• 6. Use Recycled Products. Recycling all of our paper, glass metal and plastics is a good first step, but to close the circle and make recycling economical (and more widespread) we need to create demand for recycled products by buying them. Use recycled printer and copier paper, toilet paper and paper towels—all now widely available. Look for products made of recycled plastic (like decking) and metal. Ask stores to carry recycled products.
  • 7. Buy Green Power. Most of our electricity comes from burning coal (which is environmentally destructive to mine, and the largest source of carbon dioxide (GHG) and mercury emissions) or nuclear power (which generates radioactive wastes that we haven’t figured out how to manage). Renewable energy sources (wind, solar, small scale hydro) generate electricity with no GHG emissions. You can elect to buy 50% or 100% renewable source electricity through National Grid under their “green power” program . It costs more, but supports renewable energy and reduces pollution from your electricity use. Check it out.
  • 8. Support Conservation. The Earth’s forests, ecosystems and wildlife habitat are disappearing at an alarming rate, and their destruction exacerbates climate change and loss of biodiversity. Locally, development continues to replace farmland and woodlands with housing developments and strip malls. Support the preservation of our remaining natural areas by joining and contributing to a local land trust, Greenbelt, Mass. Audubon, the National Wildlife Federation, the Nature Conservancy, the World Wildlife Fund, or another conservation organization.
  • 9. Put Your Money Where Your Mouth Is. We have the choice of contributing either to the problem or the solution both through what we buy and how we invest our money. Stop buying the products of companies with poor environmental records. Patronize “green” companies. And invest in high quality “green” companies and mutual funds, instead of in oil, coal and power companies that perpetuate our unsustainable fossil fuel powered economy.
  • 10. Practice Green Politics. Make your vote, your voice, and your political contributions count for the environment, not against it. Support candidates that support environmental protection, and contribute to organizations that lobby for the environment. Let your elected officials know you support strong environmental laws and oppose efforts to weaken them. Contribute to the League of Conservation Voters. Help break the stranglehold of the fossil fuel lobby on our national energy and environmental policies. Collectively, we can make a real difference!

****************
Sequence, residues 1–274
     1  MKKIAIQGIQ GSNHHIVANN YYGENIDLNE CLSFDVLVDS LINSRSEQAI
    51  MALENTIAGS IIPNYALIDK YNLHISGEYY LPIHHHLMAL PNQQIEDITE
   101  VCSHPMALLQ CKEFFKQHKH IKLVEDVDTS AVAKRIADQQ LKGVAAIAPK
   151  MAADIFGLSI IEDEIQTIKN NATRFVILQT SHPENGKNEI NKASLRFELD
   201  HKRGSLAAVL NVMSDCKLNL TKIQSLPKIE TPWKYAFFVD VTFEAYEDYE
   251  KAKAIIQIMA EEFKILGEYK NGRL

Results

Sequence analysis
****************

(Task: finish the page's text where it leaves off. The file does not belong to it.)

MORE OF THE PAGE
Do you have something you want to contribute to The Sustainable Lawyer? Send us a message or sound off below.


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The Sustainable Lawyer (TSL) is always looking for new ways to help law firms and offices  reduce their environmental impact, and this week, we have come across another one. The kicker? The product in question is something that is a necessity in the workplace (for lawyers especially!), is used many times per day (oftentimes more than one is used per day), and each year, millions of them needlessly end up in landfills across the country. What are we talking about? Anyone?

Pens. That’s right, pens. The program is called the Writing Instruments Brigade, and it started when Sanford Brands (a division of Newell Rubbermaid) partnered with eco innovator TerraCycle with a goal to create a “second life” for writing instruments. So how does it work? The process is simple — send used writing instruments to TerraCycle via mail and they either recycle or repurpose the materials. It can’t be that easy, you might be thinking. What products do they allow? How much does it cost to ship? Are there fees to sign up or cancel participation? Worry not, because TSL did all the research for you.

  • It’s not just pens. The Writing Instruments Brigade accepts any size pen, pencil, mechanical pencil, wooden pencil, marker, highlighter, sharpies and dry erase markers. Even though they partnered with PaperMate and Sharpie, the brigade accepts these products regardless of brand.
  • The Writing Instruments Brigade pays for you to ship your writing utensils to them. Once you sign up, you download a pre-paid UPS return label on your online account. TerraCycle will also send pre-paid labels to you via mail per request. In addition, there is no packaging requirement for shipping, you can send in boxes big or small or even envelopes if you like. TerraCycle does ask that you try and reuse your shipping materials, though.